Blind people may soon be able to regain their sight with the aid of a 'bionic eye'. The microchip has already been tested in Germany and patients were able to read letters and recognize objects.
A German company made device, fits under the retina and works like a digital film camera. A 3mm sq array of 1,500 light sensors sends pulsed electrical signals to adjoining nerve cells, which relay the messages to the brain.
The implant is designed to help patients with retinitis pigmentosa, an inherited disorder, which gradually destroys the retina.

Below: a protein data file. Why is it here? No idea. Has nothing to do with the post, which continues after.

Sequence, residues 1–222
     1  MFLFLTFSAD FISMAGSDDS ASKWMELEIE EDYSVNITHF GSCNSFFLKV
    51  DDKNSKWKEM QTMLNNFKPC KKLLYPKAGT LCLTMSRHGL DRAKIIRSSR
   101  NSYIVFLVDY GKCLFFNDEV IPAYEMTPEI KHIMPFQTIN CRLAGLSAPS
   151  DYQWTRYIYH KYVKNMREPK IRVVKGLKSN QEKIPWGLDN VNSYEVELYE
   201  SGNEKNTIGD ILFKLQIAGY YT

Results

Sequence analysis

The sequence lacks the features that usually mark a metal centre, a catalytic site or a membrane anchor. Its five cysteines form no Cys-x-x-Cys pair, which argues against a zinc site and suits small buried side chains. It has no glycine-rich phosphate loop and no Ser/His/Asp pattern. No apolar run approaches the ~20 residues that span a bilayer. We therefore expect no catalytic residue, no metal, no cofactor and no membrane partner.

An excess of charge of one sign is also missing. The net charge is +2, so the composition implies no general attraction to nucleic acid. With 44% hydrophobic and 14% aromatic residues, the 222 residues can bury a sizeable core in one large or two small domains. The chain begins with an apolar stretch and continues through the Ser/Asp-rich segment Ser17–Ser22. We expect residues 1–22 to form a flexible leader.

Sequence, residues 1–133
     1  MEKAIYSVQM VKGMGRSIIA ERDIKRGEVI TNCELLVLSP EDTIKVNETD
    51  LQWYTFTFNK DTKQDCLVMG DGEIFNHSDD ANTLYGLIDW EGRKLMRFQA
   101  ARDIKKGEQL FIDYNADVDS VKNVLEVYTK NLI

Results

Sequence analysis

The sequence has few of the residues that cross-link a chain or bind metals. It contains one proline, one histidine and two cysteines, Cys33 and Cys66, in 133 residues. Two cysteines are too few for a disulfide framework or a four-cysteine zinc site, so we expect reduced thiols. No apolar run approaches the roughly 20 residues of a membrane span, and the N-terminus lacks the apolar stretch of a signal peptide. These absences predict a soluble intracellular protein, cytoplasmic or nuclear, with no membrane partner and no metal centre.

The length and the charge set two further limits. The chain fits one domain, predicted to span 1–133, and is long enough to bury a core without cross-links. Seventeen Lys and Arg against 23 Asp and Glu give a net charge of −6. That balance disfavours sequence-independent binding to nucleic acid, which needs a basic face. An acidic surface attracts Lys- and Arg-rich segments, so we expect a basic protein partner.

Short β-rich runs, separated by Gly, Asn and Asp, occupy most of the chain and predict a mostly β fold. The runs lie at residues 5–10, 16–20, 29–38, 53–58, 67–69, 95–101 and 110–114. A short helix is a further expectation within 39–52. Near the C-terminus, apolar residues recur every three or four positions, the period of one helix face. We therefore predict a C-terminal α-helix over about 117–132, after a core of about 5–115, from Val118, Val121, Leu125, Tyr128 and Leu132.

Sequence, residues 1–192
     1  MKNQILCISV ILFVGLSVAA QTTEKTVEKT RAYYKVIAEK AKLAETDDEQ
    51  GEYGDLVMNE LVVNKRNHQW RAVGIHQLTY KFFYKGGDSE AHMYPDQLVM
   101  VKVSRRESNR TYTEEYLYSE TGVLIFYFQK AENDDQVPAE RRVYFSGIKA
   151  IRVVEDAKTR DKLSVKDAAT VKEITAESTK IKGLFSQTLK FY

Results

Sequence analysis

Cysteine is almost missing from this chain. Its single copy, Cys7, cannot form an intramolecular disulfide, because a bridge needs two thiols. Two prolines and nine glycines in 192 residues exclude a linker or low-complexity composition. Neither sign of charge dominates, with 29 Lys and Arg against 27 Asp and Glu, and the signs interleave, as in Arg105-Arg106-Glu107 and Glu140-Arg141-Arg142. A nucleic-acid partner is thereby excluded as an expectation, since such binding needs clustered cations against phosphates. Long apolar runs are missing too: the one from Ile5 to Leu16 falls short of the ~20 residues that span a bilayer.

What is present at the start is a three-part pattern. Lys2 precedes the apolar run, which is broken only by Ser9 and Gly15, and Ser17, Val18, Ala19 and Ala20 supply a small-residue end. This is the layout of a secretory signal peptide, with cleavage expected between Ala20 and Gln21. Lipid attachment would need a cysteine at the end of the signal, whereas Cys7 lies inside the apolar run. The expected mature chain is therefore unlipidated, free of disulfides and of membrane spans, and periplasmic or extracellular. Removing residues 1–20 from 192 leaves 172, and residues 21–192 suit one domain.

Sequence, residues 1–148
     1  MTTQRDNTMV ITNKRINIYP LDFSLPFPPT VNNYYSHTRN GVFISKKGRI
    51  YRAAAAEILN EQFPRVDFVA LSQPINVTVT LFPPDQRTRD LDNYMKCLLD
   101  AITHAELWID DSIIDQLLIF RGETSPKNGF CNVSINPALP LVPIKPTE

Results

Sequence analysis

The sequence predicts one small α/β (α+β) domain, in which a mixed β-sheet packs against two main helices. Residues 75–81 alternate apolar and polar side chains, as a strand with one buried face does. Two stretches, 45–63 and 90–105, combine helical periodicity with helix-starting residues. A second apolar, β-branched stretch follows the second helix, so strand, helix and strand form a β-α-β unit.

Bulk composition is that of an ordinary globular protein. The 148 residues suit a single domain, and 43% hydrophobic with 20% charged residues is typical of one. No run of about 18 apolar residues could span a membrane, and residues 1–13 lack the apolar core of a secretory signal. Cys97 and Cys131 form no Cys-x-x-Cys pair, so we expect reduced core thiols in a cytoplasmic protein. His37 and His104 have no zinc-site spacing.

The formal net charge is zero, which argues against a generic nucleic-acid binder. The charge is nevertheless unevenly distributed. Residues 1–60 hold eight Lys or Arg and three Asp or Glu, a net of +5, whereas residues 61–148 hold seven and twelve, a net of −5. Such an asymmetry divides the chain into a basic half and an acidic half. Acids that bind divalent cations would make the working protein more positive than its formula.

Previously, it was tested in Germany on three blind patients. Within days of the surgery, the two men and one woman could things on the table, walk around a room with confidence, tell the time from a clock, and distinguish between subtle shades of grey.
The results were published last month in the journal Proceedings of the Royal Society B.
Tim Jackson, who will head the King's College team, said: "We are delighted to be involved in testing this pioneering technology. Surgeons at King's College Hospital, London, hope to select six patients for the trial, due to get under way in March, reports the Scotsman. The results demonstrated by the German team are genuinely impressive, and they represent an important step towards artificial vision that could greatly enhance the quality of life for people with an incurable, blinding disease."